We are always recruiting top candidates for graduate studies in Electrical Engineering. Positions are open at the Master’s and for Doctorates (Ph.D.). Applicants must hold a Bachelor’s degree in either Electrical Engineering, Physics, or a related field. Financial support is available for selected Ph.D. positions. Full details of our application process, description of our graduate programs, and fellowships and grants are listed on our department webpage.
Many of the problems that interest us are listed below. If you would like to explore one of these topics or suggest one of your own please contact me. I’m always open for interesting discussions.
Multiphysics transistor design – designers are always working to improve the efficient generation of linear power and we have developed detailed simulation capabilities that enable the electron transport, thermodynamics and electromagnetic to be simultaneously simulated. We’re now using these techniques to optimize transistor layouts at 28 GHz. We have several interesting projects including:
1. Development of optimization methods to determine the best die layouts and transistor design for GaN-based transistors that are being used to support 5G base-station and handset designs
2. Improving the simulation capabilities to include complex modulated waveforms found in 5G systems. Using this new information we can further optimize the packaged device and transistor die design.
Quantitative Visualization of Electromagnetic Fields – using electro-optic probing we can image the near-fields directly above an antenna, amplifier, power transistor or any other microwave/mm-wave device. This gives us very interesting insights into how circuits actually operate. We have several interesting projects including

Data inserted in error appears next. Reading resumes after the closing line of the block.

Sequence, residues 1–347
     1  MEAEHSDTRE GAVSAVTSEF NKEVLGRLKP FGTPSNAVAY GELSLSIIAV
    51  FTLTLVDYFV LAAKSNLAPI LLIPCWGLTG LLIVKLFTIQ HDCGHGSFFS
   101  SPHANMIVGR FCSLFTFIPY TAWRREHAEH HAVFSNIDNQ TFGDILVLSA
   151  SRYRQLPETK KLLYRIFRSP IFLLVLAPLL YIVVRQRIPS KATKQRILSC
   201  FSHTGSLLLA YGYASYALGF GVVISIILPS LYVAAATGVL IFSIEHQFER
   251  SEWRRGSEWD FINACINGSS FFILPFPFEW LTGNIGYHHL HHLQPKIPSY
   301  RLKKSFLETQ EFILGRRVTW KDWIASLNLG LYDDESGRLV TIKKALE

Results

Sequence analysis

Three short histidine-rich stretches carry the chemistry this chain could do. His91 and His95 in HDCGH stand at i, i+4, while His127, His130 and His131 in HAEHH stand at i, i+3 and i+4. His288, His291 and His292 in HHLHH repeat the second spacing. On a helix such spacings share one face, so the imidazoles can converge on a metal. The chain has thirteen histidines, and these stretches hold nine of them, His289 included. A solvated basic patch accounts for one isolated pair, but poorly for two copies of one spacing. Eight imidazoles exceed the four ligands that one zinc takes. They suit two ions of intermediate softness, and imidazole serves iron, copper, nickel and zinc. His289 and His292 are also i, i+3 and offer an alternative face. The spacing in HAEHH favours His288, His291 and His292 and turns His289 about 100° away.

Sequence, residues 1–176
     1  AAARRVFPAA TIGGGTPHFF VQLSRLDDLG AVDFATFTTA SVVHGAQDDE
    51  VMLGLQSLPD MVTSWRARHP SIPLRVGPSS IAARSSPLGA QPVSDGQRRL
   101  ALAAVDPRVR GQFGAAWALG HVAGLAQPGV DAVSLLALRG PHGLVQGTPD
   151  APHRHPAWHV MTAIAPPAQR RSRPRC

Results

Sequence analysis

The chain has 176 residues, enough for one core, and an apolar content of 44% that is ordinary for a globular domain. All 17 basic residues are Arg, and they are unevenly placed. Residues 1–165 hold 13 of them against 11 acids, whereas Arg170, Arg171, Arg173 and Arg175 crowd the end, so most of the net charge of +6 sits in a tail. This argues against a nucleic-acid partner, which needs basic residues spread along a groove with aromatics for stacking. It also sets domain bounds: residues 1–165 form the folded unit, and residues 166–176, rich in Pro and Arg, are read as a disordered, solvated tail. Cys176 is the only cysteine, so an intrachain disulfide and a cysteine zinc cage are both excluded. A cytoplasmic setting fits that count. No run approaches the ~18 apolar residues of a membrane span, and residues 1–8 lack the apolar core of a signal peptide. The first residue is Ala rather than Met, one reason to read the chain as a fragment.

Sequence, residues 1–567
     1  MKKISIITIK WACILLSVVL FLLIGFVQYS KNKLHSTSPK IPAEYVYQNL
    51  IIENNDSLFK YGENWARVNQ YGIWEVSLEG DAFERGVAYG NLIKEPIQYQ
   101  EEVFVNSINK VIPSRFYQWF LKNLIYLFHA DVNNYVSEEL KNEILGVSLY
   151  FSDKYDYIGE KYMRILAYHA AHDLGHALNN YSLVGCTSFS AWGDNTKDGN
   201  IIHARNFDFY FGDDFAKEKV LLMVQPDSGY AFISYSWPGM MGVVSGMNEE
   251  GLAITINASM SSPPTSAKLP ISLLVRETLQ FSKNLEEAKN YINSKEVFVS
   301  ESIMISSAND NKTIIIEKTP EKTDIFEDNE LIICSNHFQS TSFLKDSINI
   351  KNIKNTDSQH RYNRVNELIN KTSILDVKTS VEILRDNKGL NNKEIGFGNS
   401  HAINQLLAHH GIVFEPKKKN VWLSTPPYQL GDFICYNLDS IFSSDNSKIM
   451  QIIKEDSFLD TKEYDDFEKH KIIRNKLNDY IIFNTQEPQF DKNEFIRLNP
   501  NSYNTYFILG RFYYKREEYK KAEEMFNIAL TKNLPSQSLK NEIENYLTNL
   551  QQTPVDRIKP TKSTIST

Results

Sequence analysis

1. EMC testing and power density estimation – our microwave device radiate and we need to make sure that they conform to emission standards. This is becoming increasingly complicated as the communications frequency increased into the mm-wave regime (for 5G). This project is investigating new methods to measure and simulate theses emissions.
2. High-power switch design – using multi physics simulation techniques and electro-optic field measurements can we improve the operation of a high-power microwave switch? or high-power filter.
3. Improving the speed and characterization of beam-steerable antennas. These antennas are increasingly employed and they need to be characterized before and after included in a new handset. We’re developing test methodologies to speed up this characterization and to ensure that the antennas in phones and basestations work as designed. This is extremely challenging – manufacturing lines will have to produce hundreds of millions of these to support 5G.
Microwave Measurements and Metrology – its crucial that we continue to develop our measurement methodologies and understand the associated uncertainties. This is extremely challenging when having to work with multiphysics devices like high-power microwave transistors. In addition to the measurement techniques we are using methods like surrogate modeling to increase the measurement speed.
For undergraduate students wishing to get involved in research please contact me. We have an exciting fellowship program that is available called Mines Undergraduate Research Fellowship (MURF). This program is design to enhance the education of undergraduate students with an opportunity to work as research assistants on faculty-led research projects. I’m happy to work with you on a proposal and if it is accepted you’ll become part of my research team.